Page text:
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How do I treat for plant scales?
Scales is not a condition of blight or fungus, it is an insect problem. Underneath that scale is a small mite. The best way to get rid of these mites is to cover each 'scale' with a product called Neem Oil. It can be purchased at many garden supply stores or places such as Tractor Supply. Once the scale is covered with this oil it suffocates the mite, and your problem is solved. Make sure to cover each one of them. And only use in the cooler parts of the day to avoid burning the plant.
Each chalky-looking spot is a scale. These are so close together that they are nearly indistinguishable. This plant is so heavily covered that it will not be salvageable. It will have to be removed.
How do I plant a tree and keep it from dying?
The primary issue when planting a tree that prevents it from taking off and being healthy is a lack of calcium in the soil. Insufficient levels of calcium cause the soil to compact and not allow roots to expand. If you've planted a tree that has not survived and dug it up, did you find that the roots were still in their original ball formation? This is the situation that I am referring to.
Calcium combines with the components in the soil and causes them to become smaller in their structure. This looser soil structure allows for the roots to have room to spread out. In areas that have high clay content, the roots can now stretch out into cracks in the soil and establish themselves further out. Clay also has many microscopic pockets that hold nutrients, so expansion in this type of soil is now doubly beneficial.
Add to this equation a little bit of sulfur and you now have a combination that will build strong cell walls as your roots expand and gather nutrients. The Garden Vigor product
is calcium sulfate, which is also known as gypsum. It is a very fine grind of recycled wallboard. When placed in the hole before planting, Sulf-O-Cal 'softens' the soil and provides nutrients that your seedlings need to thrive.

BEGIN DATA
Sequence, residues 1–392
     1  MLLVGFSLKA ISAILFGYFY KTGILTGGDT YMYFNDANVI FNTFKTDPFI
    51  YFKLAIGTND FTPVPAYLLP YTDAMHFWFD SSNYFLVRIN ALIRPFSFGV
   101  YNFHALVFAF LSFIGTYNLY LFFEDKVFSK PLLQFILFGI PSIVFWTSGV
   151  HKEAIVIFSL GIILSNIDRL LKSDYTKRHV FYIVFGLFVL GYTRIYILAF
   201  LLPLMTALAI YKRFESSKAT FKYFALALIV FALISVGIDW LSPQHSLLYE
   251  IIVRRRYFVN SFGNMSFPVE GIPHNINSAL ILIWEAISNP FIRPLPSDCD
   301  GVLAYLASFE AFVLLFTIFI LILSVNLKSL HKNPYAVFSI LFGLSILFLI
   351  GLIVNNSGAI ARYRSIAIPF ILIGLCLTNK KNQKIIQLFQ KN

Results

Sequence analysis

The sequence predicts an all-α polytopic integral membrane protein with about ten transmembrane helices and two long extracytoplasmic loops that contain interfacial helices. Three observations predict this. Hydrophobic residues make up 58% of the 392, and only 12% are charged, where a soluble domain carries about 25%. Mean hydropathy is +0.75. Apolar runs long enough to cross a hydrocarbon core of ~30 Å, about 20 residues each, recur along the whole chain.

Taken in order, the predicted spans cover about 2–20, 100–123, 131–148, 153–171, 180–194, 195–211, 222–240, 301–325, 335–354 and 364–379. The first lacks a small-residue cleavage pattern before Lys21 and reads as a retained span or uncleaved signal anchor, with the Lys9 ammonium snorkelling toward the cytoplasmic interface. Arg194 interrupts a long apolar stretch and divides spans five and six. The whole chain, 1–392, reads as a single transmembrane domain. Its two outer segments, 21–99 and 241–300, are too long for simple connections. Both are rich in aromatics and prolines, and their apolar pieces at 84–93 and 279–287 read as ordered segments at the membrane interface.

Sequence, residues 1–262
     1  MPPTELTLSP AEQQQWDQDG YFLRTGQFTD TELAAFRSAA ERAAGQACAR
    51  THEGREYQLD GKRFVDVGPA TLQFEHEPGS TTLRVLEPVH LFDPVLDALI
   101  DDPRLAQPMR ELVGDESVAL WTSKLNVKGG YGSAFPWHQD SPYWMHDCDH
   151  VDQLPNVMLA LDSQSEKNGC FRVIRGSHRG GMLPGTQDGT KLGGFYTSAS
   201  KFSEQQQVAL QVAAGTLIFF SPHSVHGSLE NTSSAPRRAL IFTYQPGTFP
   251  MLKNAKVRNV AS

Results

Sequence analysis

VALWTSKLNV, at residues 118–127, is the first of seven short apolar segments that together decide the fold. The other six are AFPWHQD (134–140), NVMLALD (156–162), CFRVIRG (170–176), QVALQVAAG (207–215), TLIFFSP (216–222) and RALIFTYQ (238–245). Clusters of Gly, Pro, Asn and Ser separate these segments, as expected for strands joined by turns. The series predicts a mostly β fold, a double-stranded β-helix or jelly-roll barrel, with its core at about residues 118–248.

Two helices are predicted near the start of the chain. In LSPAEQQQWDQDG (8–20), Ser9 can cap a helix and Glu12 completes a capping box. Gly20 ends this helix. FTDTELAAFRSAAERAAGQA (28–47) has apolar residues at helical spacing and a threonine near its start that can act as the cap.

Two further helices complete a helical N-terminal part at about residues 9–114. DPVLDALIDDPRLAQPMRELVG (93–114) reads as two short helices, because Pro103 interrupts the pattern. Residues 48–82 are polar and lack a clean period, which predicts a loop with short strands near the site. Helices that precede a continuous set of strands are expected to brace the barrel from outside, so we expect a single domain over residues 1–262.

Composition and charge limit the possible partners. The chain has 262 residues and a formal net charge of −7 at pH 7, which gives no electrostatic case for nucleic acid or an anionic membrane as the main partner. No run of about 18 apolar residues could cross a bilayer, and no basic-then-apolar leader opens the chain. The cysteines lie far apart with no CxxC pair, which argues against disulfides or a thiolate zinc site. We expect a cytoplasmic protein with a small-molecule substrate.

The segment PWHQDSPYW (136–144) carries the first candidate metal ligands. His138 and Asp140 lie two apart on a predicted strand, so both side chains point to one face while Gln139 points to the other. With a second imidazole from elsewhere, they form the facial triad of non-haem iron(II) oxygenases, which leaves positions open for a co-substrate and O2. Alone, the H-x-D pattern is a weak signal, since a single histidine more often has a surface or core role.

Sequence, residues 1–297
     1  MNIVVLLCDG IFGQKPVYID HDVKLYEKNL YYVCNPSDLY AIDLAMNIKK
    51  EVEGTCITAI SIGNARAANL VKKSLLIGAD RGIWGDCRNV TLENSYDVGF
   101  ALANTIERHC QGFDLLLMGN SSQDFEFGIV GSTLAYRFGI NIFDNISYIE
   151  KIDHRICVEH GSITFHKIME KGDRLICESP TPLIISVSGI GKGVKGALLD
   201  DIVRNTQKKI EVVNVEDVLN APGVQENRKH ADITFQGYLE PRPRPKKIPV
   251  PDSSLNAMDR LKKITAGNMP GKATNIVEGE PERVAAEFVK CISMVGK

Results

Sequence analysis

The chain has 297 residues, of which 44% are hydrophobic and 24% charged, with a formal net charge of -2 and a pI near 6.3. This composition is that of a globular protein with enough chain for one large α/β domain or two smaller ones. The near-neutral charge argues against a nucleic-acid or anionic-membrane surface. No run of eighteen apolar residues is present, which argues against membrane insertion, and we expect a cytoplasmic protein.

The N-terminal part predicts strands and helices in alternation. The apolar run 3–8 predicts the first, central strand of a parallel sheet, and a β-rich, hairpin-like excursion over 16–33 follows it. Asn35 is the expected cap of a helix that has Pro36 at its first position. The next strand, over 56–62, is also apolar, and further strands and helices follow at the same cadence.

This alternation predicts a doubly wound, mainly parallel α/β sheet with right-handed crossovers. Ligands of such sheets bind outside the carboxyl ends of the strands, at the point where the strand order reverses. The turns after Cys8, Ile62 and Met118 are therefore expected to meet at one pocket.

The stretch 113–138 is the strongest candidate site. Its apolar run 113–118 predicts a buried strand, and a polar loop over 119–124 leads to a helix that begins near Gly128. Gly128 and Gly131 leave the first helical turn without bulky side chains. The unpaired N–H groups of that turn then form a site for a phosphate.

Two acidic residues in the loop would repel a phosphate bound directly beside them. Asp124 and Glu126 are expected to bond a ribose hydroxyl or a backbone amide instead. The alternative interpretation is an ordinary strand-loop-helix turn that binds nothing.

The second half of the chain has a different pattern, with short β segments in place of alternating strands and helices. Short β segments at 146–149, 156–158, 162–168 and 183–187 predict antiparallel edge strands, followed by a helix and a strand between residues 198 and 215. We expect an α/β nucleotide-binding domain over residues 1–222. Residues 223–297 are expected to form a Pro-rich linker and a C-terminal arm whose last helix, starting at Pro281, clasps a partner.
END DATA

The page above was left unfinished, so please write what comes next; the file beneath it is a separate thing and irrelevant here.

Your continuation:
How do I eliminate moss from my lawn?
Moss is not a season specific growth; it can grow in any lawn at any time of the year. It is frequently found in areas that don't drain well or lack direct sunlight or good nutrition.
To eliminate the moss, pull up the current growth and place in a plastic bag. Seal the bag tightly when finished. It is best to wear gloves and a mask, especially if you are allergy-prone. Spread a heavy layer of fine-ground lime to the soil. (
to purchase Garden Vigor
for this purpose.) Moss likes acidic soil conditions; the calcium in the lime will create a higher pH which will eliminate the preferred acidic level and discourage moss growth.
Alternatively, a pre-mixed solution is available in most stores where gardening supplies are sold. Some of these products are soap byproducts which contain phosphites. Do not rinse treated areas; allow to dry. Check the areas in 3-5 days for new growth. Continue to treat until the moss no longer returns.
To prevent growth in the future, feed the affected lawn areas regularly. If the moss is growing in a shady place, consider a different grass variety that grows well in shade. Keeping the soil busy growing a healthy grass crop will discourage moss growth.
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